Career Path Forecast
According to the
U.S. Department of Labor, Bureau of Labor
Statistics, employment of biological
scientists is projected to grow 21 percent over the 2008 - 2018 decade,
much faster than the average for all occupations, as biotechnological
research and development continues to drive job growth.
Biological scientists enjoyed very rapid employment gains
over the past few decades -- reflecting, in part, the growth of the
biotechnology industry. Employment growth will moderate somewhat as the
biotechnology industry matures, with fewer new firms being founded and
existing firms merging or being absorbed by larger biotechnology or
pharmaceutical firms. However, much of the basic biological research done
in recent years has resulted in new knowledge, including the isolation and
identification of genes. Biological scientists will be needed to take this
knowledge to the next stage, understanding how certain genes function
within an entire organism, so that medical treatments can be developed to
treat various diseases. Even pharmaceutical and other firms not solely
engaged in biotechnology use biotechnology techniques extensively, spurring
employment for biological scientists. For example, biological scientists
are continuing to help farmers increase crop yields by pinpointing genes
that can help crops, such as wheat, grow in more extreme climate
In addition, efforts to discover new and improved ways to
clean up and preserve the environment will continue to add to job growth.
More biological scientists will be needed to determine the environmental impact
of industry and government actions and to prevent or correct environmental
problems, such as the negative effects of pesticide use. Some biological
scientists will find opportunities in environmental regulatory agencies,
while others will use their expertise to advise lawmakers on legislation to
save environmentally sensitive areas. New industrial applications of
biotechnology, such as new methods for producing biofuels, also will spur
demand for biological scientists.
The Federal Government is a major source of funding for
basic research and development, including many areas of medical research
that relate to biological science. Large budget increases at the National
Institutes of Health in the early part of the decade led to increases in
Federal basic research and development expenditures, with research grants
growing both in number and dollar amount. However, the increase in
expenditures slowed substantially in recent years. Going forward, the level
of Federal funding will continue to impact competition for winning and
renewing research grants.
There will continue to be demand for biological scientists
specializing in botany, zoology, and marine biology, but opportunities will
be limited because of the small size of these fields. Marine biology, despite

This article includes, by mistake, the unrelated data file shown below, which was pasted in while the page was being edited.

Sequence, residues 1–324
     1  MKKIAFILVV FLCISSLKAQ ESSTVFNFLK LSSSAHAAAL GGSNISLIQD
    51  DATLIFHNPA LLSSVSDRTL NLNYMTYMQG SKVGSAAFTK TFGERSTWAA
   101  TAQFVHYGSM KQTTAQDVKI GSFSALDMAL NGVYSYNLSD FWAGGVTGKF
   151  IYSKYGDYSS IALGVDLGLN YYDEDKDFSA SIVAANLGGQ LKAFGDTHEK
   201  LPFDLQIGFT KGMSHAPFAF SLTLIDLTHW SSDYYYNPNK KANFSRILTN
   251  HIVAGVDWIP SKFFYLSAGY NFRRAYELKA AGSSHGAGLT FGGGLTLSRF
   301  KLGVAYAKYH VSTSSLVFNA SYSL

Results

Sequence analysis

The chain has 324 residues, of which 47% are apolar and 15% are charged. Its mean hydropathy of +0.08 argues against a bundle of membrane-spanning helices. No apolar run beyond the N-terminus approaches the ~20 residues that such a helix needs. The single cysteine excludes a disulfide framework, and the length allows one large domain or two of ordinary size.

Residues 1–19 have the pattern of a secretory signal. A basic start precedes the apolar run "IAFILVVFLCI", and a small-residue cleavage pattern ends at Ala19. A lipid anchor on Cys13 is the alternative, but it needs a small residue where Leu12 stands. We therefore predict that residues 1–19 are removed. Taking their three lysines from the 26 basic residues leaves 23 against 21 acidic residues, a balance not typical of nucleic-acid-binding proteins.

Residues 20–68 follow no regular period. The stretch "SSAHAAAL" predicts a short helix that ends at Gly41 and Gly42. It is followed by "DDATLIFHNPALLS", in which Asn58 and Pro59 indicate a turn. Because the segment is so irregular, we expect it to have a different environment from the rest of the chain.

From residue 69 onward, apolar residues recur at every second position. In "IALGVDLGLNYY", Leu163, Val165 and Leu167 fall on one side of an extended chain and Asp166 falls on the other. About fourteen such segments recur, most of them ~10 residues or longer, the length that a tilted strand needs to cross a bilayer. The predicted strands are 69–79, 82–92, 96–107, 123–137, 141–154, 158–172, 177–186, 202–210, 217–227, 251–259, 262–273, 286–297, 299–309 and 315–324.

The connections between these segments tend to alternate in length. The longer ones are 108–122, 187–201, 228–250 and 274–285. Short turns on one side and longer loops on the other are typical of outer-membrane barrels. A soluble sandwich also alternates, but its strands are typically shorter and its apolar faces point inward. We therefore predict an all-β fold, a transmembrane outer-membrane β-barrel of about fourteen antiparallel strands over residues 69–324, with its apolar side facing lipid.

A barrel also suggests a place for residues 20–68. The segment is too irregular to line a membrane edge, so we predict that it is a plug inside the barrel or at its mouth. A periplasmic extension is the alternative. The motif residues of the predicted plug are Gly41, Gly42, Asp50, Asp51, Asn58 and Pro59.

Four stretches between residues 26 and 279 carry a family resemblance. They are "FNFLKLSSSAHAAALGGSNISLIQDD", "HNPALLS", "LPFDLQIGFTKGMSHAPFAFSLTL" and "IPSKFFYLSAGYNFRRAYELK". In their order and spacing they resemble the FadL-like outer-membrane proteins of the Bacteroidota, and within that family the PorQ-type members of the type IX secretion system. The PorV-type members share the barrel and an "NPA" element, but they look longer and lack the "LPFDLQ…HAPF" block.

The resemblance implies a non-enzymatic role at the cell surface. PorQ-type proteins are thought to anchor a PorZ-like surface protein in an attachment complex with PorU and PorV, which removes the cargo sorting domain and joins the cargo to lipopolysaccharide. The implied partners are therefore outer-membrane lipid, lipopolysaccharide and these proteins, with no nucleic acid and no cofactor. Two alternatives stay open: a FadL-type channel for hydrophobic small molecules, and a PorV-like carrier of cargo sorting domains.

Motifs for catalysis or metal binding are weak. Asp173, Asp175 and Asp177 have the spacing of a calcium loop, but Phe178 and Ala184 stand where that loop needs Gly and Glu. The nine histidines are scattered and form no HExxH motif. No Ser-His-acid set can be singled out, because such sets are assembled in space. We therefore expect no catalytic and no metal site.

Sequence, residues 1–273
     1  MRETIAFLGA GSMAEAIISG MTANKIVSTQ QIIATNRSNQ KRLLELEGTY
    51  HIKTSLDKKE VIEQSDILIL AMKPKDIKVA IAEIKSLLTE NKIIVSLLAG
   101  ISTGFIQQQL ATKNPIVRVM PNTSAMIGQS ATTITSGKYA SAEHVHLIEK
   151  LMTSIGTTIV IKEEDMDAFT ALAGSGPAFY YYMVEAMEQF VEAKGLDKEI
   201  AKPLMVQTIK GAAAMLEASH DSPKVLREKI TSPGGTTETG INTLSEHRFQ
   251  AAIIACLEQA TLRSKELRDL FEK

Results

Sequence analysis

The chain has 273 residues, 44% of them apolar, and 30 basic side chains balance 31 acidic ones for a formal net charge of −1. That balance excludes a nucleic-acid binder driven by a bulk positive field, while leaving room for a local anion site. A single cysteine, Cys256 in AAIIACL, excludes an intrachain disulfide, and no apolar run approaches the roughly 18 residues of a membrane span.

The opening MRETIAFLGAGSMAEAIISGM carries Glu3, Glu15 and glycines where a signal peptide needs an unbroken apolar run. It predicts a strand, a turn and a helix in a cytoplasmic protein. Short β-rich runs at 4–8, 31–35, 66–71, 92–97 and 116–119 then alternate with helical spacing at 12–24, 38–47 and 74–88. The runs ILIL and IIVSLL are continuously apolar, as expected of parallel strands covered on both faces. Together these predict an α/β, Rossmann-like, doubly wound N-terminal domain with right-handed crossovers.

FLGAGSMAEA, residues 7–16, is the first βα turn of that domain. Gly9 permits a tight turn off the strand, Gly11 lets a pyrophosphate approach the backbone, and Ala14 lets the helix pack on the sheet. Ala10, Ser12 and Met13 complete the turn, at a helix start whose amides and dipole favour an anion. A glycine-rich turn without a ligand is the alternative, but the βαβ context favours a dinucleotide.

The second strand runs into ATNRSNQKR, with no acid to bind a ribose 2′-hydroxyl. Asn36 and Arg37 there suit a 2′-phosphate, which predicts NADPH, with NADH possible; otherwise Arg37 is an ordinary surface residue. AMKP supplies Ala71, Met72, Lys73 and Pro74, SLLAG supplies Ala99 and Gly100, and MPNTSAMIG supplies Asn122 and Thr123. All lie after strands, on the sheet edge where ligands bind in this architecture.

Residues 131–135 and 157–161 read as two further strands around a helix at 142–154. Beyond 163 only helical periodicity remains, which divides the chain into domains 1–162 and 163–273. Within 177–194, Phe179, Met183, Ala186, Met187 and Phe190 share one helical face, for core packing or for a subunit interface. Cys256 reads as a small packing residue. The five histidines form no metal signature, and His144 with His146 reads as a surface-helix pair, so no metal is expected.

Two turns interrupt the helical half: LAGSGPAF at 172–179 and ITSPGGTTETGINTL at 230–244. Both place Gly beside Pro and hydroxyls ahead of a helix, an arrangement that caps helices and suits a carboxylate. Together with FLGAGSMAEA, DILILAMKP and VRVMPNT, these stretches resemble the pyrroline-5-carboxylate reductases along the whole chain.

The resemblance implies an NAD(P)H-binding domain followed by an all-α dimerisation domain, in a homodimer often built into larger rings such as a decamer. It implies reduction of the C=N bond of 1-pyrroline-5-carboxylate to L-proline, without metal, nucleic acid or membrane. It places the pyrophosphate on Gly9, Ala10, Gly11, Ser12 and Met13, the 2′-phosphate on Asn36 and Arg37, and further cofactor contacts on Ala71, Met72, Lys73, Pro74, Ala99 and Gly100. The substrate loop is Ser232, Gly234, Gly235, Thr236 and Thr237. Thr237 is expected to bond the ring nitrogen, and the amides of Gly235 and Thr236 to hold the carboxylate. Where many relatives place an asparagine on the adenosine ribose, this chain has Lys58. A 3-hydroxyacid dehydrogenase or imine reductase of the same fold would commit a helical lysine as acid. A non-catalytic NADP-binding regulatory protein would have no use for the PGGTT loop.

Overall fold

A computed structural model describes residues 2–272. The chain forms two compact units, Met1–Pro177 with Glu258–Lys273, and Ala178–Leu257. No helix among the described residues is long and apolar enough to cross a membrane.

its attractiveness as a career, is a very small specialty within biological
Doctoral degree holders are expected to face competition for
basic research positions in academia. Furthermore, should the number of
advanced degrees awarded continue to grow, applicants for research grants
are likely to face even more competition. Currently, about 1 in 4 grant
proposals are approved for long-term research projects. In general, applied
research positions in private industry are somewhat easier to obtain, but
may become more competitive if increasing numbers of scientists seek jobs
in private industry because of the difficulty finding positions in colleges
Prospective marine biology students should be aware that
those who would like to enter this specialty far outnumber the very few
openings that occur each year for the type of glamorous research jobs that
many would like to obtain. Almost all marine biologists who do basic
research have a Ph.D.
People with bachelor's and master's degrees are expected to
have more opportunities in nonscientist jobs related to biology, in fields
like sales, marketing, publishing, and research management. Non-Ph.D.s also may fill positions as science or
engineering technicians or as medical health technologists and technicians.
Some become high school biology teachers.
Biological scientists are less likely to lose their jobs
during recessions than those in other occupations, because many are
employed on long-term research projects. However, an economic downturn
could influence the amount of money allocated to new research and
development efforts, particularly in areas of risky or innovative research.
An economic downturn also could limit the possibility of extension or
renewal of existing projects.
Note: Some resources in this section are provided by the US
Department of Labor, Bureau of Labor